Natalie Solent

Politics, news, libertarianism, Science Fiction, religion, sewing. You got a problem, bud? I like sewing.

E-mail: nataliesolent-at-aol-dot-com (I assume it's OK to quote senders by name.)

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( 'Nother Solent is this blog's good twin. Same words, searchable archives, RSS feed. Provided by a benefactor, to whom thanks.
I also sometimes write for Samizdata and Biased BBC.)

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Thursday, June 15, 2006
Nigel Sedgwick writes on ID cards:
I'd like to support you in parts, but not all, of your posting.

Rob Hinkley's comment is a delight: "It seems strange that the government resisted the disclosure request: you'd have thought that if they had nothing to hide they'd have nothing to fear."

Given the recent track record of the UK Government, one must also be concerned that "the scheme will be hugely expensive". However, not all IT systems introduced by the Government have been disasters at first; several have also been OK at the second or third attempt. The underlying problem is, rather too often, that the Government does not really know what it wants or the extent to which that is practical; and "[critics] have questioned what benefits it will bring". On this, some of my thoughts can be found at Presentation on Technical Aspects of the National Identity Card.

Concerning improving the Parliamentary bill on the balance between civil liberties and utility (through an improved service of identification to the public, business and government), suggestions can be found on Samizdata comment on 30 March at 10:39 AM.

We then move on from cost-effectiveness to your own particular point: "... weighing cost versus benefit is only half the story".

I'm not keen on this sort of approach. Whether we admit it or not, when we make a decision, we do end up balancing apples against pears according to some weighting, stated or implicit.

The Scotsman article remembers Dame Stella Rimington, from last November. However, I recollect being certain that she was wrong on the major issue of ease of forging of ID Cards, as I told the BBC.

Baroness Park claims two things.

Firstly: "The very creation of such an enormous national identity register will be a present to terrorists; it will be a splendid thing for them to disrupt and blow up, ..."

Now there are a great many databases that are prime targets for terrorists, and also many potential targets that are not databases. It's not possible to protect them all, beyond any possible vulnerability. Accordingly, the adding of one more to the large set possible targets is not (or is barely) relevant. Furthermore, databases are relatively easy to protect (by replication and backup). Nowadays, this is always done for critical infrastructure, by government and by large businesses (eg banks and insurance). I see this issue as little more than scare-mongering, even if that was not the intention.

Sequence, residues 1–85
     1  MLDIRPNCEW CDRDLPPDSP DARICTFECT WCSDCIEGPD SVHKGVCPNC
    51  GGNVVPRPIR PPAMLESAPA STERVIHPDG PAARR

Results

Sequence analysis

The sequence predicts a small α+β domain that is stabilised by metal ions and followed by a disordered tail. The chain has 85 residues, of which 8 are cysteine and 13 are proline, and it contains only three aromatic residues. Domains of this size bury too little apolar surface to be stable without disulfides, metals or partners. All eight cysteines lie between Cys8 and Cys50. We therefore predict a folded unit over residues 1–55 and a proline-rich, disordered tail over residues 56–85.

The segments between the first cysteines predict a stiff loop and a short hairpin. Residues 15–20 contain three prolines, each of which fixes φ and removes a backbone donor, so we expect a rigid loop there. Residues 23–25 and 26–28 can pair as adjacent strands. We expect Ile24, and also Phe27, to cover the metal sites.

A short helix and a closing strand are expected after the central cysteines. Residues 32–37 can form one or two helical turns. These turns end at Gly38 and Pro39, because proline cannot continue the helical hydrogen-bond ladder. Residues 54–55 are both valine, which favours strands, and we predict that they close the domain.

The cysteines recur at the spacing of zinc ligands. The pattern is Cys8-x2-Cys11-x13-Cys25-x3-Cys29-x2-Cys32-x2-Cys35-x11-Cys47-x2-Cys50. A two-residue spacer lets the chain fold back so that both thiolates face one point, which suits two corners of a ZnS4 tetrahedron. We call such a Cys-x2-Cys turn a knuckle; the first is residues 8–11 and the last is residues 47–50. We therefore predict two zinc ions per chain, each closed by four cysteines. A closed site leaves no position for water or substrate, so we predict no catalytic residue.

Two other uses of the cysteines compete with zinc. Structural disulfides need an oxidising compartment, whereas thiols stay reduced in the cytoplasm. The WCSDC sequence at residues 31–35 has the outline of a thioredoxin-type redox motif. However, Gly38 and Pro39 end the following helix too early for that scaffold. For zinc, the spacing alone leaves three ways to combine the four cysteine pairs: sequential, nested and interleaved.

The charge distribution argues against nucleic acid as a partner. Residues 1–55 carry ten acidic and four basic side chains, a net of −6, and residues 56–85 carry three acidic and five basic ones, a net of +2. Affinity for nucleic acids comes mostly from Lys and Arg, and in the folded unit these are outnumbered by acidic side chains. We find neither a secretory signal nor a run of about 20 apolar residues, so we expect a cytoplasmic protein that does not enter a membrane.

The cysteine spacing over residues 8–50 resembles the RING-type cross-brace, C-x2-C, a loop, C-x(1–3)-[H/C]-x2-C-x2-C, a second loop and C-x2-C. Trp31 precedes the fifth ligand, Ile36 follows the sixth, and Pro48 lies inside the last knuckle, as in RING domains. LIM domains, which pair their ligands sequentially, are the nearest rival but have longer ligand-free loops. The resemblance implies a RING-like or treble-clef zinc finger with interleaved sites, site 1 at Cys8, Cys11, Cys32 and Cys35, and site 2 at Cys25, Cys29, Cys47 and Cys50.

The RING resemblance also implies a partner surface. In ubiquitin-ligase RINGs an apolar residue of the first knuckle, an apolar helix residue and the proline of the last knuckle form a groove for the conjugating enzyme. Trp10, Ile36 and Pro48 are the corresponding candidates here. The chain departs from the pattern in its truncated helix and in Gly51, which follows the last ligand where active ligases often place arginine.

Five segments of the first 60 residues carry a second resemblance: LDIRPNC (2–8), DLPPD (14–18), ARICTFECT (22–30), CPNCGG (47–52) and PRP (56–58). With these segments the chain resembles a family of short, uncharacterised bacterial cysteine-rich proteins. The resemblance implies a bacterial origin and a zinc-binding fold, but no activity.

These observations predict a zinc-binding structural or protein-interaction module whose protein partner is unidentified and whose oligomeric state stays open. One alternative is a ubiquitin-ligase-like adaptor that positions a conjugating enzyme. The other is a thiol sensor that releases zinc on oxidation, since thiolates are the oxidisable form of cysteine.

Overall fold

Secondly, Baroness Park claims: "It will also provide valuable information to organised crime and to the intelligence services of unfriendly countries. It will be accessible to all of these, ..."

There is a risk. However, the damage from exposure is not quantified. Perhaps it could be explained why and to what extent access is more damaging than to telephone directories, the electoral register, Passport Office and Inland Revenue records, etc. Also, perhaps it could be explained why and to what extent the risk is greater with the National Identity Register (NIR) than with these other things, including those that we currently use to identify ourselves.

In my above-referenced technical presentation, these risks (an others deserving more concern) are identified. They exist; they matter; they do not strike me as making anywhere near an overwhelming case against the NIR.

Two things I argue are important:

- to provide improved certification of (a single or known multiple) identity, for each citizen/resident to use as and when they choose, to confirm their identity to business and government and other individuals, if this can be shown to be cost-effective (and it will be later if not now);

- to prevent, by the Government and others, unnecessary invasion of personal privacy and prevent reduction in other civil liberties, to the maximum extent consistent with the valid and useful functionality of a National Identity Scheme.

I hope all this is of some interest and use.

Best regards
Nigel C Sedgwick